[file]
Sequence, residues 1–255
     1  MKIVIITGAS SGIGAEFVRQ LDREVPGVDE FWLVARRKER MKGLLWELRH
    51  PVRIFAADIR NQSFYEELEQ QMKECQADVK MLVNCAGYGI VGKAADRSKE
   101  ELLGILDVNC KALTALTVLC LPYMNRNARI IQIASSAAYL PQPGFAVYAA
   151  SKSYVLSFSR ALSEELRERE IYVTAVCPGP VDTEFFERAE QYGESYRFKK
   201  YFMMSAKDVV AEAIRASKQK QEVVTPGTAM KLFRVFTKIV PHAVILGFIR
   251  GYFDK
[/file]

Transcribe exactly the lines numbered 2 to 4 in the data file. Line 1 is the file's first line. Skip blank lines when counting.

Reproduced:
     1  MKIVIITGAS SGIGAEFVRQ LDREVPGVDE FWLVARRKER MKGLLWELRH
    51  PVRIFAADIR NQSFYEELEQ QMKECQADVK MLVNCAGYGI VGKAADRSKE
   101  ELLGILDVNC KALTALTVLC LPYMNRNARI IQIASSAAYL PQPGFAVYAA